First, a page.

1st August 2021
World's most powerful tidal turbine begins operations
This week, the world's most powerful tidal turbine device – Orbital O2 – began generating electricity off the coast of Scotland.
The Orbital O2 consists of a floating platform supporting two submersed nacelles, rated at 1 megawatt (MW) each. The turbines are bi-directional, producing on both a rising and falling tide.
The 680-tonne device is anchored in the Fall of Warness, part of the Orkney Islands, where a subsea cable connects it to the local onshore grid. With a combined 2MW output, the turbines can generate zero-carbon electricity for 2,000 homes per year, offsetting 2,200 tonnes of CO2 emissions. The device will also provide power to an onshore electrolyser to generate green hydrogen. It is expected to operate for at least the next 15 years.
"This is a major milestone for the O2 and I would like to commend the whole team at Orbital and our supply chain for delivering this pioneering renewable energy project safely and successfully," said Andrew Scott, CEO of Orbital Marine Power Ltd. "Our vision is that this project is the trigger to the harnessing of tidal stream resources around the world to play a role in tackling climate change whilst creating a new, low-carbon industrial sector."
This week's launch is the culmination of more than 15 years of research and development in the UK. Public lenders enabled the project's construction through Abundance Investment, an ethical investment platform. It has also been supported by the Scottish Government through the Saltire Tidal Energy Challenge Fund. It also received funding from the European Union's Horizon 2020 research and innovation programme and the European Regional Development Fund.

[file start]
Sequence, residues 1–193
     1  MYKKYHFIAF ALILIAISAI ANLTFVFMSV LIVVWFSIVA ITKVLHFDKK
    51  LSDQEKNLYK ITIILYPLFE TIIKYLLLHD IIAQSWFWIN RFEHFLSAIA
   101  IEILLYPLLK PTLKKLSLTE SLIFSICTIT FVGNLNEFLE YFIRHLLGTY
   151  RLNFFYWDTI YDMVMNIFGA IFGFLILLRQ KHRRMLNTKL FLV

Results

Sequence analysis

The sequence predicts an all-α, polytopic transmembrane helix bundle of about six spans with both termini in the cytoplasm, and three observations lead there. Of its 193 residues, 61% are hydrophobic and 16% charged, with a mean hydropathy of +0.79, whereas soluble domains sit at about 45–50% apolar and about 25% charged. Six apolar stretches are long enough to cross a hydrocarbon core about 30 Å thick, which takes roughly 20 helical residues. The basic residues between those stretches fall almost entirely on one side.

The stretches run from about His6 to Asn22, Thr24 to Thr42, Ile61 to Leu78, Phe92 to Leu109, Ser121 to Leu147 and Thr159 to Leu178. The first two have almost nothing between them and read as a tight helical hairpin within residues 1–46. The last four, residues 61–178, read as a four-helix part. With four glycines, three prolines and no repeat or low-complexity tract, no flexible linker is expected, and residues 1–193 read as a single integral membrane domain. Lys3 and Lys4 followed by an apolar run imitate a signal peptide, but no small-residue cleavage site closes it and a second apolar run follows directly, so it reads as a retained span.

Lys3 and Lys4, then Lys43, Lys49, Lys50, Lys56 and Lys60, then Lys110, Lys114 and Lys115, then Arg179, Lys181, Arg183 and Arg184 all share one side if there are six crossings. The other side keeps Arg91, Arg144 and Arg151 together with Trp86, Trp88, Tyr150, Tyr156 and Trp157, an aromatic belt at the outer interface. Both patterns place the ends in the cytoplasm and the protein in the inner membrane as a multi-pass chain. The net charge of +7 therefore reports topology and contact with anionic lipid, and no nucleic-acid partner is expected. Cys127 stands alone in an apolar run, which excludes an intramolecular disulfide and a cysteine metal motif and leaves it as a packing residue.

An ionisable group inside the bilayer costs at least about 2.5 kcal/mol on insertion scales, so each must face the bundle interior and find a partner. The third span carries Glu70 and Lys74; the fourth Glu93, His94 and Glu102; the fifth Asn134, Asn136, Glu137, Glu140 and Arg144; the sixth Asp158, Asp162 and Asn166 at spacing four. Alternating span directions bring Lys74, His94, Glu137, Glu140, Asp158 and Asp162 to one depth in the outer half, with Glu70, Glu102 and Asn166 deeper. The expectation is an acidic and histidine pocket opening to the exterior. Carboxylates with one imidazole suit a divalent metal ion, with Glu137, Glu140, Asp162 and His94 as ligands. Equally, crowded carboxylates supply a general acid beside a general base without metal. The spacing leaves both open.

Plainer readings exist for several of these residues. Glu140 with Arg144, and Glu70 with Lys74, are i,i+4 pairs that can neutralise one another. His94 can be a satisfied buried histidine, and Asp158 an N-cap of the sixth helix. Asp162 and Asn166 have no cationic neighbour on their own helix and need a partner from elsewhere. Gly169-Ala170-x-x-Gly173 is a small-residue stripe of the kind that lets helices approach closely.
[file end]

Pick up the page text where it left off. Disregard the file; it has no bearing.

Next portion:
Orbital Marine Power is now setting its sights on commercialising its technology through the deployment of multi-megawatt arrays. Costs are projected to fall steeply from roll-out of the technology, as the industry becomes more mature. This could bring substantial benefits beyond helping the clean energy transition, with long term job opportunities for coastal communities. The building of the O2 has supported more than 80 jobs within the UK and its deployment marks the first vessel launch from Dundee since shipbuilding ended over 40 years ago.
The UK has abundant tidal energy around its coastline, with potential to generate 10GW of power from this resource by 2050, if tidal power capacity follows a similar growth trend to solar and wind.
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